The foam roller exercise program was conducted using a vibration foam roller (TRATAC, Naumcare, Korea) of the same material. The vibration mode of this product consists of four levels, with levels 1 and 2 being the low-intensity vibration mode with 1300 and 2000 RPM, respectively; level 3 being the rhythm pattern mode with 2,800~3,200 RPM; and level 4 being the power mode with 3700 RPM. In this study, levels 1 and 2 were used according to the comfort and pain levels of the subjects. The exercises were performed in three sets for 15 minutes in total, with each set consisting of 5 minutes of exercise and 1 minute of break. Participants were asked to supine position on a bed with an adjustable tilt, and 40~60° inclination was applied to the upper body. A therapist with 10 years of experience in physical therapy performed the vibrational foam roller stimulation and posture adjustments on the subjects.
2.3.2. Thoracic stabilization exercise
The thoracic stabilization exercise regime was designed based on McKenzie's extension exercise and previous studies and consisted of a total of four exercises, including warm-up, main, and cool-down exercises in table 1. The SE group performed a 30-minute exercise program, while the VFRSE group performed the spine stabilization program involving warm-up (3 minutes), main exercise (5 sets, 10 minutes), and cool down (2 minutes).
Table 1: Thoracic stabilization exercise program of the SE group
Exercise Contents Repetition Duration
• The shoulders are pulled backward and downward, while the head and chin are pulled inward to balance the head.
• The right hand is placed on left side of the crown, and chin is pulled inward to bend the neck, so that the nose touches the left armpit. With minimal movement of the neck, the upper body is tilted rightward and forward, so that the left posterior part of neck is stretched.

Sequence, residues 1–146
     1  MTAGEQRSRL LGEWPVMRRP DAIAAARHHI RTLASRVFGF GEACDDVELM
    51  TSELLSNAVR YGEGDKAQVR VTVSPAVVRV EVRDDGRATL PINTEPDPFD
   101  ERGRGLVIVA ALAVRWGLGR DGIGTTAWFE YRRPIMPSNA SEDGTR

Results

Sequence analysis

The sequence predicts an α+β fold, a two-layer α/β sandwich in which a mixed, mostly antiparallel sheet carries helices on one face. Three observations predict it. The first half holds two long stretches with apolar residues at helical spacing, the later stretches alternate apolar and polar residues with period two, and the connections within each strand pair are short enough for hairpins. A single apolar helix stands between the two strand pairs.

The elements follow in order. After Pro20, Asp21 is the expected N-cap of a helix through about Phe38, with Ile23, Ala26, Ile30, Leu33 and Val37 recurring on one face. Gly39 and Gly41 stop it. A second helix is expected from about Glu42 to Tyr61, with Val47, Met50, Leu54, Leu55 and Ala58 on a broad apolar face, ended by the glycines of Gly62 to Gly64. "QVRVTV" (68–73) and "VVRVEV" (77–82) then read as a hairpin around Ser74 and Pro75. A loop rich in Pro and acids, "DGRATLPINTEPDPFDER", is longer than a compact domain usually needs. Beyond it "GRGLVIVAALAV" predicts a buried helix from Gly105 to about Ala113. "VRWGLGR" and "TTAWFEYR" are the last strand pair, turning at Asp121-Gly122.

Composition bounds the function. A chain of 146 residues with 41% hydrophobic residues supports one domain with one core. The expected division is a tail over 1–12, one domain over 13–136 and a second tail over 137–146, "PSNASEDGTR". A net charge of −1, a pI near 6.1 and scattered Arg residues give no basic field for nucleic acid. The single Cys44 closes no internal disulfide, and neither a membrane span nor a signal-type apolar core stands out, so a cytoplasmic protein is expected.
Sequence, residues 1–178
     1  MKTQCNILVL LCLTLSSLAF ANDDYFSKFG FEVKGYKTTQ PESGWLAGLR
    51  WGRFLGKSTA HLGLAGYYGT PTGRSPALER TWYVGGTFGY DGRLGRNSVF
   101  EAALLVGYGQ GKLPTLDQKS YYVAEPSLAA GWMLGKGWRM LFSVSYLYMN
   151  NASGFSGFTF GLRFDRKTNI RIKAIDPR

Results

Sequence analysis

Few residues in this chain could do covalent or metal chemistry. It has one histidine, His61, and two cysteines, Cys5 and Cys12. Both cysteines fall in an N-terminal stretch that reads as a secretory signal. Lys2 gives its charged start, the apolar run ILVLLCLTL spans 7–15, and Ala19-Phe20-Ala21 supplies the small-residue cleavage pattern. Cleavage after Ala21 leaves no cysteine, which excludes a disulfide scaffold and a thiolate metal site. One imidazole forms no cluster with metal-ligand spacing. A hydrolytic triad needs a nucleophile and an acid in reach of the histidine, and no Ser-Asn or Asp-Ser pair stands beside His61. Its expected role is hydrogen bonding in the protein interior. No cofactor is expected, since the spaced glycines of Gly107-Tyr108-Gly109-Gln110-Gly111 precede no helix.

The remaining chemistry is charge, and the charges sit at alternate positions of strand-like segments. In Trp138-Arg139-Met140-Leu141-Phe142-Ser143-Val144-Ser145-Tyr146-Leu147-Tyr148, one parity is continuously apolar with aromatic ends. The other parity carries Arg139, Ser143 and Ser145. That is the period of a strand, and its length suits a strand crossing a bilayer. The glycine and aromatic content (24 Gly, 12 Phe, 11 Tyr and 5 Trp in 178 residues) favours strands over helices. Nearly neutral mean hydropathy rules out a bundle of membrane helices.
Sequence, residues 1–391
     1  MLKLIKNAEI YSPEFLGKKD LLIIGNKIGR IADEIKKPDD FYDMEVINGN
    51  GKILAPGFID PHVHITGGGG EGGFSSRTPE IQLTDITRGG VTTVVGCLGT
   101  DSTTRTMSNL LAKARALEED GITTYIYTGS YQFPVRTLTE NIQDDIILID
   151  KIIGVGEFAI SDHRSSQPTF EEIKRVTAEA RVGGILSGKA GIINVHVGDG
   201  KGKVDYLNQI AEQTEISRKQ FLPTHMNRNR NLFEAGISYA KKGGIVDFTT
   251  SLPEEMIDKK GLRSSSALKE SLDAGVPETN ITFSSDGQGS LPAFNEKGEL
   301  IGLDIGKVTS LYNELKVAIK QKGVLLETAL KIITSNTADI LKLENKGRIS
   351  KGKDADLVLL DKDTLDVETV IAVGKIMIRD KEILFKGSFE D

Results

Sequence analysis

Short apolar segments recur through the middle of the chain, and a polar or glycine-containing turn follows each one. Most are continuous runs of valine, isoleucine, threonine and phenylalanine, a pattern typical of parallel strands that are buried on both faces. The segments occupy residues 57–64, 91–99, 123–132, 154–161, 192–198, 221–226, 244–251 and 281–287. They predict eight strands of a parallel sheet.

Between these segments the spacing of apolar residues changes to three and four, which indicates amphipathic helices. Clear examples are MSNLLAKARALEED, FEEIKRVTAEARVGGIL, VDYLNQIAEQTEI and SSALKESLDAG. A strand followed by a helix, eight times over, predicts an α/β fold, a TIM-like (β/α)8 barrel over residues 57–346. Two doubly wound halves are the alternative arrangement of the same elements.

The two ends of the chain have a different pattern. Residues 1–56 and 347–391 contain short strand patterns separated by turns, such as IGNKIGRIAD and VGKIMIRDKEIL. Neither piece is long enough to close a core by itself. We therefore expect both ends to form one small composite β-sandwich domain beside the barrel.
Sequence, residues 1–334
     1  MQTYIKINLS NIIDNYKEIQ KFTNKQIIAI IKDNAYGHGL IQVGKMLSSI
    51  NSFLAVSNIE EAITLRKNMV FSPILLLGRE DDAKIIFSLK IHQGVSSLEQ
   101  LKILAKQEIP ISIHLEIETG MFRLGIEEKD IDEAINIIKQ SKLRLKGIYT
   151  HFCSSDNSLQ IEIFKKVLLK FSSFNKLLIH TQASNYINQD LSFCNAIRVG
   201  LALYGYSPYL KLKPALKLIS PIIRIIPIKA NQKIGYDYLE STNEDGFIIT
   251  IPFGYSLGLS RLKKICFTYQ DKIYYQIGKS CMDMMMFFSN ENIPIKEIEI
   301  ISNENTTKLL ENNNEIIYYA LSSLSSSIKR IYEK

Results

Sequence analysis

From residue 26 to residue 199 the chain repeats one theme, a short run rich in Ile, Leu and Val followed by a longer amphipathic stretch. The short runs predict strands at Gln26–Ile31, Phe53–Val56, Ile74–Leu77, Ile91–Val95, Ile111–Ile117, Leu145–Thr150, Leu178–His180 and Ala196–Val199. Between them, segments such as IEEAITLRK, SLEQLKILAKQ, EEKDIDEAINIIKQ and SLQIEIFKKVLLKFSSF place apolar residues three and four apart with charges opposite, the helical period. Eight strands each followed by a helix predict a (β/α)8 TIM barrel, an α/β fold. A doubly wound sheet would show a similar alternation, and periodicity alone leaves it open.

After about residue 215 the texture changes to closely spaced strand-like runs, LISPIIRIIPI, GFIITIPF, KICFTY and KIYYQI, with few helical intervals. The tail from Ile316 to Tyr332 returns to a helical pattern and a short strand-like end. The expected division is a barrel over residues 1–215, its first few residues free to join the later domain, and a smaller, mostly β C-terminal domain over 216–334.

Back rotation exercise in the side- lying position
• While the left elbow is straight, a 1 kg heavy dumbbell is held vertically. The subject has to lie down on the right side with the head on the roller.
• The right leg is kept straight and tilted back slightly to keep the back tilted. The left hip and knee joints are to be bent, and the left foot is placed on the right knee.
• After inhaling, the head is turned while exhaling slowly with the mouth, and the back is slowly turned to the left.
• Hold for 10 seconds. After returning to the starting position, rest for 5 seconds, and repeat the exercise on the opposite side.
10 sets 20 min
Seated back tilt exercise
• The hands are locked and placed on the back of the head.
• The chin is pulled back. Inhale and exhale slowly while raising the chest and arms without tiling the neck backward.
• Maintain this position for 10 seconds and return to the starting position.
Cool-down Walking Treadmill: 1.0-3.0 km/h 5 min
2.4. Outcome measures 2.4.1. Respiratory function
Fitmate MED (Cosmed, Italy), which can measure the lung capacity and maximum inhalation and exhalation pressure, was used as the measuring tool in this study. Prior to the measurement of FEV1 and FVC, the subjects underwent three repetitive practice sessions along with training to ensure accurate measurements. The average value of the three repeated measurements was recorded.
2.4.2. Upper limb strength